@ vandinz, Yes, we get it. You are cool and edgy with your concise commentary. More power to you.

      In other news: not everything appeals to everyone. Meanwhile, I tend to like things that are lovingly handcrafted and cute to boot. So, I may very well pick this up to encourage people to do new and interesting things. Need to take a break from being a nigh-immortal, man-shooting death-god every now and then.

    • phlebas says:

      And in the game.

  7. Jimbo says:

    That guy looks like Gustavo. COOKIE!

  8. Eight Rooks says:

    ‘Camera movement’ isn’t that impressive. I am disappoint.

    On the other hand, easy as pie or otherwise, this is far, far better looking than The Dream Machine, but then I find your love for that game fairly inexplicable. (Although the comparison’s not meant as some kind of oblique putdown. Dream Machine obviously took a lot of effort, but was artistically so-so for the most part. Not bad, just a bit dull. This looks gorgeous.)

  9. CaspianRoach says:

    Why is the far right key on the music lock not working? I know nothing about music writing thingies but it felt kinda backwards to what I’ve expected. And the drawer lock, seriously? I was banging my head against the wall thinking i’m some kind of magic retard and finally gave up to the shameful walkthrough reading… the codes made zero sense whatsoever, I don’t know how anybody is supposed to guess that.

  10. RagingLion says:

    Love the music and tone to that trailer.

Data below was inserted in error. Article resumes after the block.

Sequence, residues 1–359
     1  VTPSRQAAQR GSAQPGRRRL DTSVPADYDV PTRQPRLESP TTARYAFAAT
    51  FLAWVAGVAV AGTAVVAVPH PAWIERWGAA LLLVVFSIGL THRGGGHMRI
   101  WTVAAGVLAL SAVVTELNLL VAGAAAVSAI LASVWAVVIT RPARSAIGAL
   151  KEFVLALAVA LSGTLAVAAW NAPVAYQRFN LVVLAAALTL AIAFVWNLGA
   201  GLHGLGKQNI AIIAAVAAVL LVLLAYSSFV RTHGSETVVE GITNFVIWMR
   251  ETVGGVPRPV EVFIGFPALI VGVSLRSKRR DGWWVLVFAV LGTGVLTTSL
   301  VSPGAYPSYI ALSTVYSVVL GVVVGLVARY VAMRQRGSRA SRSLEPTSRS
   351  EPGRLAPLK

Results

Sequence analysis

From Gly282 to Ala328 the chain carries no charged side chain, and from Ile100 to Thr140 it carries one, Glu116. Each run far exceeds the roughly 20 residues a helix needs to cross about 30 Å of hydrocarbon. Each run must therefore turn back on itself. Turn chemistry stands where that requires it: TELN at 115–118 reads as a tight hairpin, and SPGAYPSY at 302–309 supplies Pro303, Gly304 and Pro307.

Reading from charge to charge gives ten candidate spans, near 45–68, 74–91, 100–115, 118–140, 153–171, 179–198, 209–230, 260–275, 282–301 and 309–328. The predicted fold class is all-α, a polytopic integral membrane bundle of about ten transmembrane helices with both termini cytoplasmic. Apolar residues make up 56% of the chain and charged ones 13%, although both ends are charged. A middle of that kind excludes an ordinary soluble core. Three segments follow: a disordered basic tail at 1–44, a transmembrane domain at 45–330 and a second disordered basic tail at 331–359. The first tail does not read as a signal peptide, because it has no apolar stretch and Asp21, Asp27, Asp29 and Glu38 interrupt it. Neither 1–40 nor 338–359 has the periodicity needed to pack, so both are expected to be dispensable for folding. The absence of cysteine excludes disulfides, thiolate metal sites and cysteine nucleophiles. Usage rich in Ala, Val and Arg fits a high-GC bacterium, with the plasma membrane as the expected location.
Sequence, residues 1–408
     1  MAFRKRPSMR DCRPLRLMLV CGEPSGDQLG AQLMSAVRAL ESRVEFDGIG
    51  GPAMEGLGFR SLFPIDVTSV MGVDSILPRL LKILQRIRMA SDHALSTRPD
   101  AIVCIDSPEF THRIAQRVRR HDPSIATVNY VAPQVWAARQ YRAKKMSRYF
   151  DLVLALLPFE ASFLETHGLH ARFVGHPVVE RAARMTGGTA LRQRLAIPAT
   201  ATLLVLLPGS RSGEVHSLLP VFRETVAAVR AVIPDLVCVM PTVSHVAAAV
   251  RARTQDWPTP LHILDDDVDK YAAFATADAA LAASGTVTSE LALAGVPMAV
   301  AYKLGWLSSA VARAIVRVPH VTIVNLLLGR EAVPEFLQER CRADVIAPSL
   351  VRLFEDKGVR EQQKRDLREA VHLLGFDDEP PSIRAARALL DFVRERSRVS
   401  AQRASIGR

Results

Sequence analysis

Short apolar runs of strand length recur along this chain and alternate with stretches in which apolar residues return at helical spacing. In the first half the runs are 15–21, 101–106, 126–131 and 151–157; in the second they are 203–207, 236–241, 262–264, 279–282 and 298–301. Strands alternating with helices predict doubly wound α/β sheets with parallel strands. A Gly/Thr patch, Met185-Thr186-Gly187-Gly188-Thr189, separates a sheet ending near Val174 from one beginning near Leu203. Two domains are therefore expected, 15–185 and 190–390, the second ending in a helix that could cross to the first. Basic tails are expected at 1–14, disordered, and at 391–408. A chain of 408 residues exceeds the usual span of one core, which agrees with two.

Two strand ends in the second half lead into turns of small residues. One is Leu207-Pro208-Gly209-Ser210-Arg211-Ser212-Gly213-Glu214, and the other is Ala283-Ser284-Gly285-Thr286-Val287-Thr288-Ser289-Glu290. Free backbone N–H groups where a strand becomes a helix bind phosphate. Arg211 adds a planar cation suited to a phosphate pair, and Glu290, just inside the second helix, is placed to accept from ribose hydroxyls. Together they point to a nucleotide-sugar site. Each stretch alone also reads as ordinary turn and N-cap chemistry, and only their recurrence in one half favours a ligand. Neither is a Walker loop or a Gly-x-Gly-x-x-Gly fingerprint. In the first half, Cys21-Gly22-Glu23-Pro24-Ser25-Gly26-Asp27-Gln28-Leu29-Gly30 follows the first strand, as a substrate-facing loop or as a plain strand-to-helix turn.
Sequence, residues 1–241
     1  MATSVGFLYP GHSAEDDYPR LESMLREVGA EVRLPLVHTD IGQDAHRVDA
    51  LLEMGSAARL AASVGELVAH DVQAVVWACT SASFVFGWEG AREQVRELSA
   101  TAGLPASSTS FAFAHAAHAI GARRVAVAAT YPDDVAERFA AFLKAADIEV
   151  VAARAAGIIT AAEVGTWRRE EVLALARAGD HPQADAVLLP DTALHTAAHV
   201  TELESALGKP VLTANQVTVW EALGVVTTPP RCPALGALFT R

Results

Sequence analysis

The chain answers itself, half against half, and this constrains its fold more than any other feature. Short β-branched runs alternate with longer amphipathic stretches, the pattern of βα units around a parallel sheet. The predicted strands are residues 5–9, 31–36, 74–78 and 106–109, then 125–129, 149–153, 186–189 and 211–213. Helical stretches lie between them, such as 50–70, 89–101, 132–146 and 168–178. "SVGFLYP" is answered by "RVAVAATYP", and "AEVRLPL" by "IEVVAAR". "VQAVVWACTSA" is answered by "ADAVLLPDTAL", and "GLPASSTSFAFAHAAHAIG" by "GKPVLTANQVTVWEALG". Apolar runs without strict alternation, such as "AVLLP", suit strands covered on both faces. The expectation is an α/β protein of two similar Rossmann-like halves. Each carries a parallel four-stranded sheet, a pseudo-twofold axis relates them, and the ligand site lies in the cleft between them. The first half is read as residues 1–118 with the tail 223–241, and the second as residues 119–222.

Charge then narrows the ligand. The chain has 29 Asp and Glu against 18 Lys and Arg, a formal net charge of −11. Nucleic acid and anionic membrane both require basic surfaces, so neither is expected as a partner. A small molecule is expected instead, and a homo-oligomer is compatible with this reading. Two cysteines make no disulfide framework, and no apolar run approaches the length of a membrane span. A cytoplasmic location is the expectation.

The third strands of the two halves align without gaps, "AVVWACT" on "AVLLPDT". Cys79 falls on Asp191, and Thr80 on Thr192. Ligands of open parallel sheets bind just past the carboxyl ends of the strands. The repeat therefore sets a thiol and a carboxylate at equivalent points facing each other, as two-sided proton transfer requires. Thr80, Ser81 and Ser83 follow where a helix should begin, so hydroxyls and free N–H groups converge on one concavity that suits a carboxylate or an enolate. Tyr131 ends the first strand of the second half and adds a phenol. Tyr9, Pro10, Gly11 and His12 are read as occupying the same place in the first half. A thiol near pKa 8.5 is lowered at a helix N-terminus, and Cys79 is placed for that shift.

11. Boozebeard says:

    Yup, I had to use the walk through for that too. Also if you keep clicking on the books long enough, you get one that things written in it: “#9″ and “one” underlined in the word gramophone, but these numbers don’t seem to be used anywhere :S

    • Alamoria says:

      The 9# and one are actually part of the cabinet lock. The cabinet lock is a 9 number lock…and the book says there’s 9 #’s on the page. The underlined one is one of them.

      Edit: Yeah, I had to cheat to get past that part too…it’s a bit on the obscure side compared to the other puzzles. If the lock had three sets of numbers maybe…

  12. Synesthesia says:

    reminds me of the neverhood. Im fucking sick of the 3d fetish in videogames. Anybody got Doug Tennapel’s number anywhere?

  13. Billzor says:

    Loom! Oh, wait. Damn.

  14. Shazbut says:

    John, for someone who makes such a fuss about Myst, you’re showing a lot of weakness for prettiness these days.

  15. Ankheg says:

    More handmade games in industry, yay!

  16. BatmanBaggins says:

    I don’t know about this one… I played it, but this really, really should have been a free game. Or been close to it. It’s about 15 minutes long (discounting one completely arbitrary, nonsensical puzzle that everyone who plays it will look up hints for).

    It was cute and all, but meh. Not much else to it besides its overplayed cutesy factor.

  17. kyrieee says:

    The Wicher 2 link in the banner at the top directs here